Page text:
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Delhi High Court on Thursday stayed Aam Aadmi Party (AAP) government’s order scrapping management quota in nursery admissions in private unaided schools, saying the decision was taken without the authority of law.

It also stayed the Delhi government’s January 6 order with regard to 11 other admission criteria, including issues like proven track record of parents during admission of their children, music and sports, that were also scrapped.

Justice Manmohan in his interim order said that the government’s January 6 decision was also in contravention of the Lieutenant Governor’s 2007 order on nursery admissions in
private unaided schools.

He said the autonomy of private unaided schools with regard to nursery admissions cannot be restricted by an office order and has to be done under the law.

The court, however, added that if there were any malpractices with regard to nursery admission criteria in private unaided schools, then they should be investigated and taken to their logical conclusion.

The court clarified that the observations made and the view taken by it are only “prima facie” and not final.

The Delhi government by its January 6 order had scrapped 62 “arbitrary and discriminatory” criteria listed by schools on their websites for admissions, but retained the 25 per cent quota for Economically Weaker Sections (EWS).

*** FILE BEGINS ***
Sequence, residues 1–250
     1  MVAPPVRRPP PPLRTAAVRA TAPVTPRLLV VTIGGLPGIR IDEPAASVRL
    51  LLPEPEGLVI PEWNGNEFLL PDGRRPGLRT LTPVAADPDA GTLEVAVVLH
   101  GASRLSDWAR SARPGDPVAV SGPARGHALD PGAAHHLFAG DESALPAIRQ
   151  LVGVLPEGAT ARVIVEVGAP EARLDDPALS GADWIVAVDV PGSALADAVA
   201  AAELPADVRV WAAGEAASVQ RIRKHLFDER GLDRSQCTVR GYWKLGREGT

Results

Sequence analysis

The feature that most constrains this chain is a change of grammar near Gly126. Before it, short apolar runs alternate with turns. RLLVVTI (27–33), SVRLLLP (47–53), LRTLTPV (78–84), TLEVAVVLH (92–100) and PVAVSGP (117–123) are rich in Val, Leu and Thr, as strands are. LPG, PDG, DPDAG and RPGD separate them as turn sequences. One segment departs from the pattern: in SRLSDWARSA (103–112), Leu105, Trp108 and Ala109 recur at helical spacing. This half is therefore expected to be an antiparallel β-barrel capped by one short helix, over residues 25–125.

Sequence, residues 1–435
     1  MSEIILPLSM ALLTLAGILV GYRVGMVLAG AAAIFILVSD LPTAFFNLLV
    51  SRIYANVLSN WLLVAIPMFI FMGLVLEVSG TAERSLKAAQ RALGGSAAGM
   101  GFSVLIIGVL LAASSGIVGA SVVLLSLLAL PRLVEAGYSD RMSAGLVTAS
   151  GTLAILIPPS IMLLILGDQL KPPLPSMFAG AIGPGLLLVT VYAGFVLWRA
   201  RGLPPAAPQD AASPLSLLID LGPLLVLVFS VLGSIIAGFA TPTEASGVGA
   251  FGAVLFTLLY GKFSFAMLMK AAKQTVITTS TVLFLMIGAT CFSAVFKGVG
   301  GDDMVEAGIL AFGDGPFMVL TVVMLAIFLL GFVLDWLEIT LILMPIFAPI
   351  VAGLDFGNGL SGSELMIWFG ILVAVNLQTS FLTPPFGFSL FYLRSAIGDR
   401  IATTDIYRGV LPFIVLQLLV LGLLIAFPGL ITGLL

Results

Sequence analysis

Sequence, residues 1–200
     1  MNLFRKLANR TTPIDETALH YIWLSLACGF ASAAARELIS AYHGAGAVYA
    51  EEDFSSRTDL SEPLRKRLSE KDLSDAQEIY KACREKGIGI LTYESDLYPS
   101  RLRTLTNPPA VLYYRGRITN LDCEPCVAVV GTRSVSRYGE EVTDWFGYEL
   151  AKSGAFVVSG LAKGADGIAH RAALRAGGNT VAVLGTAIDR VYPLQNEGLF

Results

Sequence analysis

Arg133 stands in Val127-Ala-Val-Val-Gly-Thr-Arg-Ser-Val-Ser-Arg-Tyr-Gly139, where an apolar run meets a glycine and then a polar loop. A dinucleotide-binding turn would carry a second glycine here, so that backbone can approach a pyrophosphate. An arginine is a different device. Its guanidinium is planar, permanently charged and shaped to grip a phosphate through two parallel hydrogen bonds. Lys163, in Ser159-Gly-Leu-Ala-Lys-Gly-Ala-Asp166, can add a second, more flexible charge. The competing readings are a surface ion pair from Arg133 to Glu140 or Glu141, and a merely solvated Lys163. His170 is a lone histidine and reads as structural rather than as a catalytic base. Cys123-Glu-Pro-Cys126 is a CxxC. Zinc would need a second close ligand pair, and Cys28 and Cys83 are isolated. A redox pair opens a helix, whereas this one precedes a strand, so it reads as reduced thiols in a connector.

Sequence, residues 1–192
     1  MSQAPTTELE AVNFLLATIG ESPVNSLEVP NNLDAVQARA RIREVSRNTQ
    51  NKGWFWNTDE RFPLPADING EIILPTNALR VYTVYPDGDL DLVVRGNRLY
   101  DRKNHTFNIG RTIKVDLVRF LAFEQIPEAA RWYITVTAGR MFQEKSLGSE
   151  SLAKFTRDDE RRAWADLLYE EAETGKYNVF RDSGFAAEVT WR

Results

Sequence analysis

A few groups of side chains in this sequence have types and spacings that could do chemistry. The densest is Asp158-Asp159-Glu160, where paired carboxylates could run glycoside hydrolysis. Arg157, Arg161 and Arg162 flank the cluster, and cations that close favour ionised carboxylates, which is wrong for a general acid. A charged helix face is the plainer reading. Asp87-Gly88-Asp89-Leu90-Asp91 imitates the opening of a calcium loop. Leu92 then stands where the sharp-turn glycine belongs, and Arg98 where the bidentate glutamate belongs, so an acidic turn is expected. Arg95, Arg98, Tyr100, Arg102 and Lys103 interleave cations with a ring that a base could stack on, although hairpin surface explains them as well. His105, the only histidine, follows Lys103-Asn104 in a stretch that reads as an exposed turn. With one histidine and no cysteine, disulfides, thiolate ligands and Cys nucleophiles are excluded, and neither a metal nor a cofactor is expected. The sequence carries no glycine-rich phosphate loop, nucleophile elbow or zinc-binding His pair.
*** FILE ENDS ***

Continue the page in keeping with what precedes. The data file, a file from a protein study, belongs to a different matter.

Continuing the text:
The High Court was hearing pleas filed by Action Committee Unaided Recognised Private Schools and Forum for Promotion of Quality Education For All, seeking quashing of AAP government’s decision to scrap management and all other quotas, except for EWS in Delhi’s private unaided schools for nursery admissions.

They had claimed that the order was “without jurisdiction and contrary to and violative of various judgments passed by the Supreme Court as well as by various benches of the High
Court, relating to the autonomy of private unaided schools to regulate their admissions”.

In an earlier hearing, Deputy Chief Minister Manish Sisodia had defended his government’s decision to scrap the quota criteria, alleging that private unaided schools in the national capital had become a “hub of corruption” as they were running “admission rackets” under the garb of management quota.